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Tag: indigenous culture

On Shamanism, Positivism, and Shifting One’s Frame of Reference

     An important skill that I have adopted for living overseas in a different culture is shifting my frame of reference to accommodate new experiences or ideas.  Living in Taiwan for the last six months has certainly challenged me to do so in refreshingly unexpected ways.       Since new understandings begin with language and so much of language is based upon context, even a play-on-words can illustrate the value of shifting one’s frame of reference to unlock new meaning in a different culture.  As my Social Cultural Anthropology teacher, Futuru Tsai, said jokingly in class, “If you asked an English speaker what is one plus one, they would reply with ‘Two.’ If you asked a Mandarin speaker what one plus one is, they would reply ‘Wang.’”  The clever observation makes sense when you consider that Chinese writing is traditionally written vertically. The character for “one” is a horizontal line, 一, followed by a plus sign +, and then another horizontal line, 一, forms the Chinese character 王, wang, meaning king or monarch.  Shift your frame of reference and you are already smiling.      The approach of shifting one’s frame of reference comes in handy especially when encountering subjects that

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Of Fishing Boats and Comfort Boats: Playing with Gender Ideology in A’tolan a Niyaro

      “If they won’t go on the boats, then we’ll just go fishing, go far oceaning, ourselves!” says the wife of a member of my age set (kapot) at an informal gathering that she has organized to cheer up one of her “classmates,” also married to our kapot. Composed of men born within five years of each other, kapot are the primary social organization in ‘Amis (Pangcah) communities on Taiwan’s East Coast. Kapot have mutual responsibilities as well as a particular place in the workings of the community, which is determined by their age relative to other age sets.     My kapot is named LaKancin. If you were to visit our community, ‘Atolan, you would likely notice t-shirts printed with our kapot name and hear our greeting when we meet on the street, “Kapot! talacowa kiso?– Kapot! Where are you headed?” Men in a kapot are, in theory, equals; women married into a kapot often view each other as sisters.   “That’s right….” says another, “I keep telling my man to go far oceaning, but he won’t listen! We’ll have to make our own boat.” Then she turns to me and says, “A-Te, you should be our fishing master.”   “Huh?” I ask. I can sense that the kapot’s women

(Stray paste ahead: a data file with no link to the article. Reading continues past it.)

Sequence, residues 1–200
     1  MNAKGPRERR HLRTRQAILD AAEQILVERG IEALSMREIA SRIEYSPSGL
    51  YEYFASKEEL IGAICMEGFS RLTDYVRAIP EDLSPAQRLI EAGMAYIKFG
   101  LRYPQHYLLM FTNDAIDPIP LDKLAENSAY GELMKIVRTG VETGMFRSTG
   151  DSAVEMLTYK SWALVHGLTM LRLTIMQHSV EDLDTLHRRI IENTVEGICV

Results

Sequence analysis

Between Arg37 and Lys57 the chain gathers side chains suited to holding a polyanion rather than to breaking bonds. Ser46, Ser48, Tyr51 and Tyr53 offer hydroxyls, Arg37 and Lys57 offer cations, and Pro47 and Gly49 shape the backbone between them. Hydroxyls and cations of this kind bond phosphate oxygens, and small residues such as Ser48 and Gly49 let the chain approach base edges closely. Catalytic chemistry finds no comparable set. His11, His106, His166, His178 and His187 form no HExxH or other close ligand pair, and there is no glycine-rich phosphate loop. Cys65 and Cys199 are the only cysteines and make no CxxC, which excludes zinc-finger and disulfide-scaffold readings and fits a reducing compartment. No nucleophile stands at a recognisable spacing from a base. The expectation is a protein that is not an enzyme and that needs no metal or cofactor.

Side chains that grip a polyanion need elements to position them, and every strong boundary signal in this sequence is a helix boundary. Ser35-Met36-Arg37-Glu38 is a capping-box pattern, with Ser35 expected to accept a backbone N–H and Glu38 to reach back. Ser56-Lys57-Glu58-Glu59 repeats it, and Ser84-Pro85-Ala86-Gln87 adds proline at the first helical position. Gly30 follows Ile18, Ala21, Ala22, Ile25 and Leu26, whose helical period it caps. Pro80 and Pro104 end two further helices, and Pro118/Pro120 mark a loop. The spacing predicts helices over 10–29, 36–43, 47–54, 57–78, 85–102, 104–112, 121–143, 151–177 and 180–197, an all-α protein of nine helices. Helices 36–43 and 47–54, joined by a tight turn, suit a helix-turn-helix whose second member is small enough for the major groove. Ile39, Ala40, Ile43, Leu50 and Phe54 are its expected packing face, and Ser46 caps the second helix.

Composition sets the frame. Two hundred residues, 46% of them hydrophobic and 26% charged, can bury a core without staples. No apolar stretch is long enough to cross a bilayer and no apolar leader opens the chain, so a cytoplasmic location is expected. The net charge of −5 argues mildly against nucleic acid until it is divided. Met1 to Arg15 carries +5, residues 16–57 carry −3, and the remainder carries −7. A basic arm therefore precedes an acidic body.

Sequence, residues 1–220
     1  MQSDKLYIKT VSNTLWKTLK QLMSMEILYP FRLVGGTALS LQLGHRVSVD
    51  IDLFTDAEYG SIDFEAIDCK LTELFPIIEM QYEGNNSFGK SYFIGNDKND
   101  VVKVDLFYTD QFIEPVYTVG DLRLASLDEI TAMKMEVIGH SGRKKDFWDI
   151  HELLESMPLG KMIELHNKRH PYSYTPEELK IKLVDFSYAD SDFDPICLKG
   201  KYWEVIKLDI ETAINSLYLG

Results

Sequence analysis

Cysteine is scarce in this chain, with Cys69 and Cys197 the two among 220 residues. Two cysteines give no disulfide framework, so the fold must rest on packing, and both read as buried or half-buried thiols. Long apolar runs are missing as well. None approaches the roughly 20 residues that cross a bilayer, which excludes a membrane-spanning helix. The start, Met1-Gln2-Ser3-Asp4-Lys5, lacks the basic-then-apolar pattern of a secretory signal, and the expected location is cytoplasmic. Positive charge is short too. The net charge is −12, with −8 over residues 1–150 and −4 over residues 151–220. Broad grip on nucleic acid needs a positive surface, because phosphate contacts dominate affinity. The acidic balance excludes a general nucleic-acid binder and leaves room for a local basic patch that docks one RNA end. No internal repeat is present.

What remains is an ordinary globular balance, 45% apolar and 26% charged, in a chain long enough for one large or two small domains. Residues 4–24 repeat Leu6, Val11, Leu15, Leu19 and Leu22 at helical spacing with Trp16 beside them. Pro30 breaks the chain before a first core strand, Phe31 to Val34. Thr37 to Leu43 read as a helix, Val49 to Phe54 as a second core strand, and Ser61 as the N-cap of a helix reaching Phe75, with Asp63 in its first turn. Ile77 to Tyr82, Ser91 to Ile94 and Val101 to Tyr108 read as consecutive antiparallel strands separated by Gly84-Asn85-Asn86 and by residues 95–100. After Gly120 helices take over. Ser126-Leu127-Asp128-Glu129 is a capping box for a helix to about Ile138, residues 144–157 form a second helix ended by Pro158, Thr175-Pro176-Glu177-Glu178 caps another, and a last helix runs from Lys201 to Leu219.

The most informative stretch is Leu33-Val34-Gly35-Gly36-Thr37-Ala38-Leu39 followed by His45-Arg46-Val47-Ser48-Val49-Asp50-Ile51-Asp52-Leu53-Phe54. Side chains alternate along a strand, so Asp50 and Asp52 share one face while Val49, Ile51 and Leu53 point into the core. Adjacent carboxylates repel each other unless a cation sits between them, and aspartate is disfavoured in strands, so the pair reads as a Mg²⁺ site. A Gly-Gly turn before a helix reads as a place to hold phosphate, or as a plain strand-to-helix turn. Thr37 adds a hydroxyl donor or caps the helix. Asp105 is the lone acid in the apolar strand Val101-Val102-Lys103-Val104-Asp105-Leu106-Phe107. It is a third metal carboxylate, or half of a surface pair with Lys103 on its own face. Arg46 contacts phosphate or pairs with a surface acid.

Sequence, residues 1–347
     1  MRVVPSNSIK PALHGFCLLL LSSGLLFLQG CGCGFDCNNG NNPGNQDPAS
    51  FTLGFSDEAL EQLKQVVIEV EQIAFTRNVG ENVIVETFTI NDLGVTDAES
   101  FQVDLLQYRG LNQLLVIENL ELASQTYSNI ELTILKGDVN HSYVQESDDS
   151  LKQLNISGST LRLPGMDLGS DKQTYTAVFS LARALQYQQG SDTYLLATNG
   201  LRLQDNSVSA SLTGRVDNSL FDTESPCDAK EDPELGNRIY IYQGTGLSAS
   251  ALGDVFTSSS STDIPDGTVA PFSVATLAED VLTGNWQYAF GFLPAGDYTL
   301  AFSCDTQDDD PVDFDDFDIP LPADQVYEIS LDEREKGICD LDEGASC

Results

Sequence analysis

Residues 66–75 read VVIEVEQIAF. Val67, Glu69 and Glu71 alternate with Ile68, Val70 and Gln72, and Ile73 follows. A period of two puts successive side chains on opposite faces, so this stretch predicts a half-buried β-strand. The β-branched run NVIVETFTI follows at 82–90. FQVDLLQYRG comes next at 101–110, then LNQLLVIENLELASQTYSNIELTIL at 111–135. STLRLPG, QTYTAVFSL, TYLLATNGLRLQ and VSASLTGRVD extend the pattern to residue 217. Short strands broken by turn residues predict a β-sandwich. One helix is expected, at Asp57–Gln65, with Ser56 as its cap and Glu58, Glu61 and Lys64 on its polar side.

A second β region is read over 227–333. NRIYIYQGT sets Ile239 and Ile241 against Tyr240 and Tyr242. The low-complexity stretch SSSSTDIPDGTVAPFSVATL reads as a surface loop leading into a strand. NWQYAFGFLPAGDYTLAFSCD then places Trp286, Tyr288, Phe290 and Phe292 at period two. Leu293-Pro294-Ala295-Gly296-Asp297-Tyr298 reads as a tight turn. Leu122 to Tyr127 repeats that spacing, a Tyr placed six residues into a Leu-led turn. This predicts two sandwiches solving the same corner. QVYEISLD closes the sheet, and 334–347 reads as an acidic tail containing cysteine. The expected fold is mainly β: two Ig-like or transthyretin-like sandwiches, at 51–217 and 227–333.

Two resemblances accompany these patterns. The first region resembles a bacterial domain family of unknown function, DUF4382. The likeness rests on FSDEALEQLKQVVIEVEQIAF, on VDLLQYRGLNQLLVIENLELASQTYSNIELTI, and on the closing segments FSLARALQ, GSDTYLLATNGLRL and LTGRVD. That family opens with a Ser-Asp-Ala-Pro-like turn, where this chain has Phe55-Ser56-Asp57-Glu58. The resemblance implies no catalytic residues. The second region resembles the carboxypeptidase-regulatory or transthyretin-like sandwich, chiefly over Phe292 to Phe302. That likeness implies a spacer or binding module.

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Cultural Empowerment for Atayal Students

     Dr. Christine Yeh developed a cultural empowerment program in a 99% indigenous Atayal community in Yilan. In this video, she describes how she worked with the community and the teachers of the school to create a curriculum. In her educational program, which she describes as a “sustainable intervention”, she emphasizes ethnic identity and educational opportunities for students. Dr. Yeh worked closely with Fulbright English Teaching Assistant (ETA), Mikael Owunna, and a local English teacher, Jennifer Huang. Results from the program and pieces of student work will be displayed in a 2014 exhibition in the National Taiwan Museum. Dr. Yeh is a Professor at the University of San Francisco. 葉晶博士深入宜蘭縣南澳鄉協助泰雅族部落開發文化賦權課程。她的研究主要圍繞著以社區和學校為基礎的課程建構與評鑑,尤其著重在族群認同及教育機會等。她與宜蘭英語協同教師Mikael Owunna及本地英語教師黃嘉雯共同開發了一系列的文化賦權課程,並預計於2014年於國立臺灣博物館展出相關成果。

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